The Hop Comeback
A SMALL RESURGENCE OF SONOMA’S “LOST CROP” BRINGS NEW OPPORTUNITIES FOR LOCAL CRAFT BREWERS AND FARMERS.
Hop plants are enchanting. Stout stems grow 18 feet high, circling clockwise up vertical trellises. The flowers, technically the “hops” of the hop plant, dangle lightly and bounce in the wind, delicate acorn-like cones with petals that have the texture of tissue paper, making it hard to believe that they power some of the boldest flavors of the contemporary American craft beer industry.
On the day I visit the Hawley Winery vineyards in Healdsburg’s Dry Creek Valley, there are eight rows of hop plants, thriving next to bushes of heirloom tomatoes, artichokes and olive trees. The place is buzzing with the sounds of bees, irrigation and the team from Santa Rosa’s Fogbelt Brewing Company as they orb around a ladder, one of their members snipping the bines (hop plants are categorized as bines because they grow via their shoots, while vines grow using tendrils). A few of the staff take photos with plants cascading over their shoulders and towering behind their heads like oversized flower crowns. It’s an unusual scene in Sonoma County these days, where the oncethriving hop industry collapsed in the late 1950s.
To back up, let’s take this hopportunity to explain what hops are and why they matter (first and last hop pun, I promise). The basic recipe for beer calls for just three ingredients: water, yeast and grains (usually malted barley). But that simple recipe invites infinite variations, as evidenced by the plethora of brew choices on grocery shelves and on tap in your local watering hole. This is because various kinds of plants or mixtures of herbs and spices are oft en incorporated into the mix to add flavor and depth.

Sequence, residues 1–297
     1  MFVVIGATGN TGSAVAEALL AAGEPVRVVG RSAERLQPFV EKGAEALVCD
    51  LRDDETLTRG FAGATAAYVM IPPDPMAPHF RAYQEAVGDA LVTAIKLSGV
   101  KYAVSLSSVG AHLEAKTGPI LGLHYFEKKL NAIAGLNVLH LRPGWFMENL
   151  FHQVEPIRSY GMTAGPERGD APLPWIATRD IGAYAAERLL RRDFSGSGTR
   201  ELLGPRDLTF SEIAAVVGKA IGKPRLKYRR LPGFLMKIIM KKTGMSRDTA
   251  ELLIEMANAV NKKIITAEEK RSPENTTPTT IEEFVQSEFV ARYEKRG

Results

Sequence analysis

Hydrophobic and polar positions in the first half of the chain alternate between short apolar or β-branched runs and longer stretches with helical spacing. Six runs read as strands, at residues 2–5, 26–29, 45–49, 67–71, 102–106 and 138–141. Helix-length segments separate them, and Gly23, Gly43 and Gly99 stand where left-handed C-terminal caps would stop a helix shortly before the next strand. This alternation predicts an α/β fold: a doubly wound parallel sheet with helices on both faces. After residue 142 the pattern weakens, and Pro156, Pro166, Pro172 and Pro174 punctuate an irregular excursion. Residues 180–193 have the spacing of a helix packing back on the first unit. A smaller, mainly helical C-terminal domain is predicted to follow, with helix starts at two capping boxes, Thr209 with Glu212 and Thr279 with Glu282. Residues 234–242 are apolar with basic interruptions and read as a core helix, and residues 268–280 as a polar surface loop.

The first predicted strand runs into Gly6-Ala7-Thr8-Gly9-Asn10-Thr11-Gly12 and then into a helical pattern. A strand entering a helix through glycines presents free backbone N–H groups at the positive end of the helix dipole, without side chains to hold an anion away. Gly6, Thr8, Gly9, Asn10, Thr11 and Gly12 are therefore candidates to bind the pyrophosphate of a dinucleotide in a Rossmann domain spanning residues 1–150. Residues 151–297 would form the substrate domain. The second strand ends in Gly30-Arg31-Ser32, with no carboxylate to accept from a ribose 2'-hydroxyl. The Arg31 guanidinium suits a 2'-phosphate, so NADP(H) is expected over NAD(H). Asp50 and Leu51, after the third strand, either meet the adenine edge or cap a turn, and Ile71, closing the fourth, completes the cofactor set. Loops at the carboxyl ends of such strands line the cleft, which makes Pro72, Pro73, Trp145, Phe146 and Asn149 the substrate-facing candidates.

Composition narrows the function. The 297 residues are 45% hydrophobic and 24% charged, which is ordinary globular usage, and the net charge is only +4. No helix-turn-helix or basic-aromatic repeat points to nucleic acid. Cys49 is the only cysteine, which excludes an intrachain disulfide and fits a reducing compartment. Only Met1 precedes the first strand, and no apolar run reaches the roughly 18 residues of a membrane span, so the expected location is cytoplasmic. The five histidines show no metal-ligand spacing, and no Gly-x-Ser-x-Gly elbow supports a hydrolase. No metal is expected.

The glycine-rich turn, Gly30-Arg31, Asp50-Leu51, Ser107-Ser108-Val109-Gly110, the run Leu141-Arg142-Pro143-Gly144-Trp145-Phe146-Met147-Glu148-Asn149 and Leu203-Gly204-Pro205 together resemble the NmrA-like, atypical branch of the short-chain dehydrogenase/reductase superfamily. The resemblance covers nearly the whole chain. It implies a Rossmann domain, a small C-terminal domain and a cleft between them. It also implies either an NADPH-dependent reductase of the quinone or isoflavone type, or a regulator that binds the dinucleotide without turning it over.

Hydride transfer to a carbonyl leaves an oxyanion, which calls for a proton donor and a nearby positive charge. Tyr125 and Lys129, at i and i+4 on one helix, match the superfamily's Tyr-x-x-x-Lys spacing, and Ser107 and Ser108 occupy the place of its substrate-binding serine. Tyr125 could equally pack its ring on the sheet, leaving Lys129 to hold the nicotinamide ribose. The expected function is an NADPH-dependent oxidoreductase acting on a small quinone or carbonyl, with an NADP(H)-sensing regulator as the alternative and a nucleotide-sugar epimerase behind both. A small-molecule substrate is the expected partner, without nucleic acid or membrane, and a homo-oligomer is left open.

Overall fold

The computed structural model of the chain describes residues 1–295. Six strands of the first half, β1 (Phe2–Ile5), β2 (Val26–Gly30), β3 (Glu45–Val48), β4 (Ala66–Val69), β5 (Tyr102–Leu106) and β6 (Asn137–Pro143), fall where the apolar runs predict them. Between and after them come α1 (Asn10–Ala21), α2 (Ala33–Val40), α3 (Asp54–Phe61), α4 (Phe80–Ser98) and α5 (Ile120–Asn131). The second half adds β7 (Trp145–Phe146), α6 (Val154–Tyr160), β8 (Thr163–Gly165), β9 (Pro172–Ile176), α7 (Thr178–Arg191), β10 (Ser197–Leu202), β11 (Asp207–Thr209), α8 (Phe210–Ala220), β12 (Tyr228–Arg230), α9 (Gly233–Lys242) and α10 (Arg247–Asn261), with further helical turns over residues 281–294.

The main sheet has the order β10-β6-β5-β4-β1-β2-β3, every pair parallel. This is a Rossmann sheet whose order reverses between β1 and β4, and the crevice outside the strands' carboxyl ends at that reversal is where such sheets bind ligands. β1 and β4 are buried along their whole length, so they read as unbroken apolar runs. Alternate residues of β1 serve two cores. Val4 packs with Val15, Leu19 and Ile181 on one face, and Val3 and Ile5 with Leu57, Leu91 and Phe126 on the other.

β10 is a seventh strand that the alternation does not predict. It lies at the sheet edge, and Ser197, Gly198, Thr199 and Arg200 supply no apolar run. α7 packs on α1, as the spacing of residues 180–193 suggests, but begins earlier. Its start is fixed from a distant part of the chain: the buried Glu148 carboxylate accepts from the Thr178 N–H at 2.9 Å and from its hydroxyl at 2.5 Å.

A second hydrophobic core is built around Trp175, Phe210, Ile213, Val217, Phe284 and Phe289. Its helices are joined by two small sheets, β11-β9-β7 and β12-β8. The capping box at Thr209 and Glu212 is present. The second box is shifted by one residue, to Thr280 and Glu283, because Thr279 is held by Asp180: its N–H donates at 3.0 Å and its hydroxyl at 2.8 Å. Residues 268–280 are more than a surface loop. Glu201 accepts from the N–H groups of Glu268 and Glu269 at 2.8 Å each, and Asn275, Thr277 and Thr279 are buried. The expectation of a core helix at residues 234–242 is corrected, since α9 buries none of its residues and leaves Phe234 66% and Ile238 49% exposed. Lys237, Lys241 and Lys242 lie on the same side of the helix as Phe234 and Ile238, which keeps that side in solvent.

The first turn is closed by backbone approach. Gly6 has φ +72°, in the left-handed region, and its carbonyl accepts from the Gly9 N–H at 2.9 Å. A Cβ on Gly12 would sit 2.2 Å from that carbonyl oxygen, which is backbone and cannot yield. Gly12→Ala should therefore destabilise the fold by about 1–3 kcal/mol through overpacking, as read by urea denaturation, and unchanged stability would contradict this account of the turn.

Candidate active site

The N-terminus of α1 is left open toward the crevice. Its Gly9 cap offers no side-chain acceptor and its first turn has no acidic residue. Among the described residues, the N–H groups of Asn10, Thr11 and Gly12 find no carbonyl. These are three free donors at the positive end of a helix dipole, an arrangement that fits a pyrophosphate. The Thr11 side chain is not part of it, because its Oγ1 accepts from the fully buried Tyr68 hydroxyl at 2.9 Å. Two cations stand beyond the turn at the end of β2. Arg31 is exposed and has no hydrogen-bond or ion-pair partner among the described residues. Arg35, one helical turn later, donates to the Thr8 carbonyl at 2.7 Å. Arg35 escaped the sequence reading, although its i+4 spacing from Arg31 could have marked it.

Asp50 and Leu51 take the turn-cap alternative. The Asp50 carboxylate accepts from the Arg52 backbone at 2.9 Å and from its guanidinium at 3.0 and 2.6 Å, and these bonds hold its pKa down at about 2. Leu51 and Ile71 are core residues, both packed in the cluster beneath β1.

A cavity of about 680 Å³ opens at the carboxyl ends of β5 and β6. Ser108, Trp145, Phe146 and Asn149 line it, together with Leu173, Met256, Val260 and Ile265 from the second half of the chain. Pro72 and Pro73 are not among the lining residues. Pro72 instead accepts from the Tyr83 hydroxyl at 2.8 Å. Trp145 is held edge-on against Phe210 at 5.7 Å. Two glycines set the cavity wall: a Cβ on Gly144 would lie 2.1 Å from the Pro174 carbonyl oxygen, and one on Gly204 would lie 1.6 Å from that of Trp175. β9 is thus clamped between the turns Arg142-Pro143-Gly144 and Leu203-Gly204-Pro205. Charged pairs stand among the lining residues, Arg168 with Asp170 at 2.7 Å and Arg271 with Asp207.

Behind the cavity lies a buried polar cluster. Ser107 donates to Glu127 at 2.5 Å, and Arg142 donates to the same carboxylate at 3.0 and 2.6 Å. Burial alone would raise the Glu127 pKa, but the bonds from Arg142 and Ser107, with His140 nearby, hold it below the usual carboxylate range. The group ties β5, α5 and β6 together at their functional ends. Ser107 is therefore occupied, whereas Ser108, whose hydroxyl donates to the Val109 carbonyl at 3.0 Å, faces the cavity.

Hops weren’t introduced to beer craft until some 8,000 years into its illustrious history, but their capacity for flavoring, bittering and aroma—along with their antimicrobial properties—have secured their place as the fourth essential ingredient. We mostly think of hoppy beers as bitter IPAs, but there are an array of varieties, and they can be citrusy, grassy, piney or floral.
Once a hotbed of hop production, Sonoma’s hop profile petered out after World War II, in the face of competition from Northwestern states, areas where flat land and cool climates lent themselves to advanced harvesting mechanization and large-scale farming. Today, most U.S. hop production still happens in eastern Washington and Oregon.
Hops don’t just look delicate, they are: The resin that contains the namesake flavoring is easily perishable, remaining fresh for only about 48 to 72 hours. Accordingly, most hops are dried and pelletized before delivery to breweries for storage and use throughout the year. Local sourcing has not been an important consideration.